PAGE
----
message.data[x] represents one bit where that bit is the x bit value of an 8, 16, 32 bit value.
The first 8-bits of any value would be like this:
bit = value
0 = 0x01
1 = 0x02
2 = 0x04
3 = 0x08
4 = 0x10
5 = 0x20
6 = 0x40
7 = 0x80
(0x being hex, base 16, prefix).
The long way would be to use bit shifting to make the value for each and then sum it.
message.data << 3 ... if the bit is set this value will be 0x08
message.data << 4 ... if the bit is set this value will be 0x10
int myInt = (message.data << 3) + (message.data << 4) + (message.data << 5) + (message.data << 6);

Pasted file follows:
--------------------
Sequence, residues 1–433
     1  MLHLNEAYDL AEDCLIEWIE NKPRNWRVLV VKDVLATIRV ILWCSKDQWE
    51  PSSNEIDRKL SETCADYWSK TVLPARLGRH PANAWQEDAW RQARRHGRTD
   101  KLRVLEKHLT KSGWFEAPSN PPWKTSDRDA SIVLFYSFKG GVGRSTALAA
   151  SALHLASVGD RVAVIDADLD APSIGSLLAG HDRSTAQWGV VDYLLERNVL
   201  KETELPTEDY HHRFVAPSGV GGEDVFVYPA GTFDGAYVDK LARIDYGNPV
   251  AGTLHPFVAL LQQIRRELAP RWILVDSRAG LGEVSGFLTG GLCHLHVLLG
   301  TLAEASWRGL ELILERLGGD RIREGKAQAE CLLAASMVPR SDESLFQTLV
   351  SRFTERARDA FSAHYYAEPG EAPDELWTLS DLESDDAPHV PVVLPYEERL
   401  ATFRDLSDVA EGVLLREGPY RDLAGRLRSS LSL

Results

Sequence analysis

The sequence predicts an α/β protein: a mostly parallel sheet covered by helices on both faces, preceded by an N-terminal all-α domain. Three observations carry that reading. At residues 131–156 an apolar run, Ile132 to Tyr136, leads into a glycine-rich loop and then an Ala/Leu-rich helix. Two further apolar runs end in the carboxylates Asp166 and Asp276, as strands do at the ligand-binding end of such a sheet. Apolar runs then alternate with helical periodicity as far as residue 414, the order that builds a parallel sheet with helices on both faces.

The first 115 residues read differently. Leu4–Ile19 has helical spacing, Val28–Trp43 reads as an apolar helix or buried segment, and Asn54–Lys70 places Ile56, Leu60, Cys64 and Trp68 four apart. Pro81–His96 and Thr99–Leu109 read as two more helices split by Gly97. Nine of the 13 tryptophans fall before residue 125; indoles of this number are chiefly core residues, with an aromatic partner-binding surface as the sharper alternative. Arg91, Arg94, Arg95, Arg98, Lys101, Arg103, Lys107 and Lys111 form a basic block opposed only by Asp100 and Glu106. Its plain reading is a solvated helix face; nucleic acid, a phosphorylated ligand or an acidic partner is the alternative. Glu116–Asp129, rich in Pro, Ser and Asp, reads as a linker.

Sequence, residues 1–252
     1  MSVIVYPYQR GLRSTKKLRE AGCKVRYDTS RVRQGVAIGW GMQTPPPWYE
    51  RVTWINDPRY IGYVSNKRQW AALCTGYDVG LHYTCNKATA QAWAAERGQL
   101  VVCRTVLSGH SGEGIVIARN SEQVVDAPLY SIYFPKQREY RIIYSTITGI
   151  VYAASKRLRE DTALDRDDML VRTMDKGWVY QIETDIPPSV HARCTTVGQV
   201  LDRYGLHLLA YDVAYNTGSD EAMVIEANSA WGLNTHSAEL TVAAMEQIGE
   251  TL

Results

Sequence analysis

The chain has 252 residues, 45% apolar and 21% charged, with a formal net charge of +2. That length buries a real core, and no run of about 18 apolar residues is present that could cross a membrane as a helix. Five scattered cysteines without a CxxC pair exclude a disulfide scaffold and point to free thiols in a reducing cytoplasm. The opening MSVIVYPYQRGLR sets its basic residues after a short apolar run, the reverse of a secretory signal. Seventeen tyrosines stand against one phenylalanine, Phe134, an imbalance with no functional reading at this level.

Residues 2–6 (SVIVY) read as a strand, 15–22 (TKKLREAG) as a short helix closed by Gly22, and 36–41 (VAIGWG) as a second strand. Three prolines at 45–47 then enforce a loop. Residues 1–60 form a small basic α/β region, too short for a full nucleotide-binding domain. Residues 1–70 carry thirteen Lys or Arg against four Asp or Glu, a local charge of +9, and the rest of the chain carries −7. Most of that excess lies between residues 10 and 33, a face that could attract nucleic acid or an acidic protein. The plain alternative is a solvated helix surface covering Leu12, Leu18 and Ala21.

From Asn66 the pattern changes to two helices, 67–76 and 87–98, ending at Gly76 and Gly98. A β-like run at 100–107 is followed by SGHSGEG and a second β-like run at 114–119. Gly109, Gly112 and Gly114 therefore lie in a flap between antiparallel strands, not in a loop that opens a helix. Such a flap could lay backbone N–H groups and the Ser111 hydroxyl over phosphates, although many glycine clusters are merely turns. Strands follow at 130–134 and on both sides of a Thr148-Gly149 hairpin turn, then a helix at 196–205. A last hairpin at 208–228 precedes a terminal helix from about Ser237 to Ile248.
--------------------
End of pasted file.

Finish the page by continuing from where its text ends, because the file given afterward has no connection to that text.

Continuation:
OR you can use bitmasking which would be the shorter way...
Let's say you just want to know if bits 3, 4, 5, 6 are set in an 8 bit value and you specifically do NOT want to know the value of bits 0, 1, 2, and 7.
myInt = message.data & 0x78;
What the above will do is only set bits 3, 4, 5, 6 in your myInt value if they are set in the message.data value and it will specifically ignore the value of bits 0, 1, 2 and 7 if they are set.
That said, if bits 3-6 represent a distinct value, you need to shift that value over once you have it--
myInt = (message.data & 0x78) >> 3;